A Life Cycle Approach to Food Safety and Sustainability
By Gail Barnes, Ph.D., M.B.L.
With a centuries-long heritage of providing nutrient-rich products, the dairy industry has an unwavering commitment to the health and well-being of future generations.
That’s why organizations at every step of the supply chain—from dairy farms to the local grocer—are working together on research and innovation in entirely new ways. The shared vision is for all segments of the industry to continue to provide consumers with the dairy products they want in a way that is socially, environmentally and economically sustainable.
The dairy industry accomplishes this level of collaboration through the Innovation Center for U.S. Dairy, which serves as a forum for the industry to work together precompetitively to foster innovation and increase sales. Innovation Center priorities include health and wellness, sustainability, globalization, consumer confidence, food safety and research and insights.
In 2011, the Innovation Center launched a Food Safety Operating Committee (FSOC) that was formed to maintain consumer confidence in dairy products as well as to reduce the risk of reputation damage and financial loss to the dairy industry due to a dairy food safety incident. The committee’s objective is to improve manufacturing conditions in all dairy processing facilities in order to help prevent food safety incidents and recalls.
Food safety and sustainability are interrelated such that in order for innovative technologies and practices to be economically viable for the industry, they need to safely deliver dairy products to the enduser. Sustainability initiatives currently under way by the Innovation Center will directly improve the quality and safety of dairy products.
Both food safety and sustainability use the life cycle approach (LCA) to understand a product’s impact. Assessment of the product is from “farm to table”—starting with raw materials extracted from nature and ending with consumer use and disposal. This process provides a system-level view from which to identify opportunities for innovation and improvement (Figure 1).
Modernization of Food Safety Oversight
According to The White House Blog (www.whitehouse.gov/blog), foodborne illness strikes 48 million Americans each year, hospitalizing 100,000 and killing thousands. The Food Safety Modernization Act (FSMA) builds a new system of food safety oversight, one that is focused on applying, more comprehensively than before, the best available science and good common sense to prevent the problems that can make people sick.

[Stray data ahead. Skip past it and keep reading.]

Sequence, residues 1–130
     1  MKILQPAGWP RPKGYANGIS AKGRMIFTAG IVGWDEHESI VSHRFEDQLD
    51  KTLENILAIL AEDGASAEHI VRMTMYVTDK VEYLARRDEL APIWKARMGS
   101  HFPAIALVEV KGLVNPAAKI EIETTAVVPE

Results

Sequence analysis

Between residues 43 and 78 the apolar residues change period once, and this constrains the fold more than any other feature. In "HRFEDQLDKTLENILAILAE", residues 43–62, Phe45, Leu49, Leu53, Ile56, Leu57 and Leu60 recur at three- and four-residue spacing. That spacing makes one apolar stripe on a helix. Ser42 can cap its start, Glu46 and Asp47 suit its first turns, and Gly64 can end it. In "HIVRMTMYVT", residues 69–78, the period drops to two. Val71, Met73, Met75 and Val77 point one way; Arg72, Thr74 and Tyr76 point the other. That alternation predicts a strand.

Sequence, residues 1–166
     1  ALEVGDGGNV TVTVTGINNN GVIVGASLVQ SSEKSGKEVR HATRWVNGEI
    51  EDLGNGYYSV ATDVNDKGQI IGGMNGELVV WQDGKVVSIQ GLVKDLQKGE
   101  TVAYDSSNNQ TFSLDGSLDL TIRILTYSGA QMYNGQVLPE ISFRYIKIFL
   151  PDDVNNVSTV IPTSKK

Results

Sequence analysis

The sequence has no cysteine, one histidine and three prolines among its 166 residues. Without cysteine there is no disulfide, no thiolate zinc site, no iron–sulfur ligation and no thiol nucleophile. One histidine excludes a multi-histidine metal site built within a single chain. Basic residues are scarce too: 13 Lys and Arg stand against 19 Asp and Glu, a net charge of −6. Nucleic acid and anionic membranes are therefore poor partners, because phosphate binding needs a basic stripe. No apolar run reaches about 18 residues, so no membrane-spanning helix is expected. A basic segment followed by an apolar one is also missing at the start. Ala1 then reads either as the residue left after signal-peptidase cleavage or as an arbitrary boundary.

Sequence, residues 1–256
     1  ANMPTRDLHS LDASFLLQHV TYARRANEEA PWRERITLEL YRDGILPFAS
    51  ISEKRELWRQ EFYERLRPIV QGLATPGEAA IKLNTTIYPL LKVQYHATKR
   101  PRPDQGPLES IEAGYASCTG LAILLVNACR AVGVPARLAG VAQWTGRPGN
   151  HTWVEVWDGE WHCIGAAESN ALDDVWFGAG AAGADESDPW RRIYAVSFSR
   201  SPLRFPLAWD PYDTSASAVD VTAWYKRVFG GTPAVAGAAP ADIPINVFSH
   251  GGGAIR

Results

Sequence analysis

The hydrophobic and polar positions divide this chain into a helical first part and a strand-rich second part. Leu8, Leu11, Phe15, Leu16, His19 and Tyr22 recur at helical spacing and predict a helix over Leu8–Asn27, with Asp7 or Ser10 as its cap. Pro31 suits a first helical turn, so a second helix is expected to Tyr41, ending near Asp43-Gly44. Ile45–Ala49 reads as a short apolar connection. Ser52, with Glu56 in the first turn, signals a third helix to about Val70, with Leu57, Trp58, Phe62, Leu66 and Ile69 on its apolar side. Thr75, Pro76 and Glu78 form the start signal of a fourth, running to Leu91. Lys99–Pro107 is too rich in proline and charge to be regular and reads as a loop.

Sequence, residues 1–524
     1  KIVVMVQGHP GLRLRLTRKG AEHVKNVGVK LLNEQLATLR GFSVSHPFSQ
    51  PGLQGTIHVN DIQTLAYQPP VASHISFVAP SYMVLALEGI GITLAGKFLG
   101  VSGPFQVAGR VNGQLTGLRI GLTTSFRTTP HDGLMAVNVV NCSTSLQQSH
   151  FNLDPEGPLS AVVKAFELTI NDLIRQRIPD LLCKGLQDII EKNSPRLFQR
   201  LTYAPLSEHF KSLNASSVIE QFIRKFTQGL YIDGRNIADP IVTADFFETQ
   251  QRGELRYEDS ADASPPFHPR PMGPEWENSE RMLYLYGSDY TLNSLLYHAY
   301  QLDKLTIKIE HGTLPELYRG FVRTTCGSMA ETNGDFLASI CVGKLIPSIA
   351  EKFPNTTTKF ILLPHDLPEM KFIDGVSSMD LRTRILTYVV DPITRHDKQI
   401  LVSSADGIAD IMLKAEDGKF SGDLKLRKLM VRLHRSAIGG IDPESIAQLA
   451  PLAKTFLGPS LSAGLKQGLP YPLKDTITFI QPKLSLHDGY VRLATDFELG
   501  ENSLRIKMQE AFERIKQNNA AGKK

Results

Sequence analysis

The idea of prevention is not new. What is new is the recognition that for all the strengths of the American food system, a breakdown at any point on the farm-to-table spectrum could harm the health of consumers, as well as cause disruption and economic loss to the food industry.
In terms of the FSMA, processors of all types of food will now be required to evaluate the hazards in their operations, implement and monitor effective measures to prevent contamination and have a plan in place to take any necessary corrective actions. Additionally, the U.S. Food and Drug Administration (FDA) will have much more effective enforcement tools for ensuring those plans are adequate and properly implemented, including mandatory recall authority when needed to swiftly remove contaminated food from the market.
Moreover, with the signing of the law, FDA for the first time will have a congressional mandate for risk-based inspection of food processing facilities. For example, all high-risk domestic facilities must be inspected within 5 years of enactment and no less than every 3 years thereafter. The legislation significantly enhances FDA’s ability to oversee the millions of food products coming into the United States from other countries each year.
Very importantly, the FSMA calls for the strengthening of existing collaboration among all food safety agencies, whether federal, state, local, territorial, tribal or foreign. Among other provisions, the legislation directs the secretary of Health and Human Services to improve training of state, local, territorial and tribal food safety officials and authorizes grants for training, conducting inspections, building capacity of labs and food safety programs and other food safety activities. Building and leveraging the capacity of these food safety partners is how a well-integrated national food safety system can be developed that is as effective and efficient as it can be.
Dairy’s Focus on Food Safety
The dairy industry takes food safety very seriously. Throughout the years, dairy farmers and processors have worked closely with FDA and state regulatory officials to establish safety regulations and practices. For example, the federal Pasteurized Milk Ordinance is a set of requirements for milk production, milk hauling, pasteurization, product safety, equipment sanitation and labeling. It is one of the most effective tools to ensure the safety of milk. It is very effective; today, less than 1 percent of foodborne illness outbreaks in the United States involve dairy products.
Another example is the Hazard Analysis and Critical Control Points system, a structured and scientific process used throughout the food industry to help ensure food safety. Processing plants identify critical steps throughout the manufacturing process and establish plans to monitor and minimize any risks.